You’re in Trouble: Now What?
Dr. Richard Weinblatt
So What’s Next?
Following the conclusion of the investigation, findings and recommendations are made and forwarded up the chain of command with one of the four (or similar) following dispositions:
1) Sustained: The officer did as the allegation said. 2) Not Sustained: The allegation could not be proven or unproven 3) Unfounded: The allegation is false. The officer wasn’t present during the allegation or the actions did not occur. 4) Exonerated: The officer did the act or omission alleged, but that it did not constitute a violation of policy.
Most agencies will provide a written copy of the findings to the officer, as well as to the originator of the complaint. The disposition also tends to make its way for a period of time into performance reviews, as well as to specialized assignment transfer requests.
Employees in a probationary employment status with a finding of sustained are particularly vulnerable during the disciplinary phase as their protections are few, if any. In most places, there is little recourse as a probationary officer can be terminated at any time during that probationary period. Probation is normally pegged at one year, although there are a few departments where it can run for two years. It can also be extended under remedial or disciplinary instances.
If it is sustained and the employee is terminated, he or she (if off probation) usually has the ability within a certain time frame to appeal or grieve the matter to a neutral party such as the civil service board or the city manager.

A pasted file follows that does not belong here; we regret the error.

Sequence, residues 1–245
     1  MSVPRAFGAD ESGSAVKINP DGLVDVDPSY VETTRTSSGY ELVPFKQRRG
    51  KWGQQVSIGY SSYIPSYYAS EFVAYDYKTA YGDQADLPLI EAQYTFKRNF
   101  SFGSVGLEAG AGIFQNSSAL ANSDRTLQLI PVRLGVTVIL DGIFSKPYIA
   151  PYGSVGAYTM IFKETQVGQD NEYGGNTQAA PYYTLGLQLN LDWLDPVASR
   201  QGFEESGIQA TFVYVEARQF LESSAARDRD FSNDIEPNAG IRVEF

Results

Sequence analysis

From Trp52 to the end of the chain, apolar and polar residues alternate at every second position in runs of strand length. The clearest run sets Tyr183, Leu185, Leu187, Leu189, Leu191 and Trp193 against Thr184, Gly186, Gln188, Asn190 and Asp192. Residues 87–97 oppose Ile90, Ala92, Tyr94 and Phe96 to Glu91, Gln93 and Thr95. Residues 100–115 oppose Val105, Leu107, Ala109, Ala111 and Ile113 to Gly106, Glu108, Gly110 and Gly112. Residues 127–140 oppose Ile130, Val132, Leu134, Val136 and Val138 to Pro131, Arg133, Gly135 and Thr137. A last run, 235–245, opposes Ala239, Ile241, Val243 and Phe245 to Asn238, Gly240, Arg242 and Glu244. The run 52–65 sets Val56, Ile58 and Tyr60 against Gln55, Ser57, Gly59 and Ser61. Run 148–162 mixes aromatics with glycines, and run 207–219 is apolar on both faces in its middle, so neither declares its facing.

If the sustained allegation results in a suspension, departments usually have guidelines as to how that suspension is served. For example, with a smaller suspension punishment, the employee may be able to use accrued vacation time to settle the matter. For longer periods, they may be able to only utilize half.
Some departments will send the employee to remedial training. This is seen quite a bit for officers who are involved in on-duty vehicle crashes who are sent to driver training. Officers who use inappropriate language are often enrolled in human diversity or sensitivity training.
Being in trouble is no fun either as a teenager or an adult law enforcer. The key difference for the officer or deputy sheriff is to remain calm and be professional in the face of the allegation. Emotional or irrational actions will only lend credibility to any complaint and not help the search for the truth or your service to the community.
Dr. Richard Weinblatt, a criminal justice educator and former police chief, has written articles and provided media commentary for national and local media since 1989. He can be reached via www.TheCopDoc.com.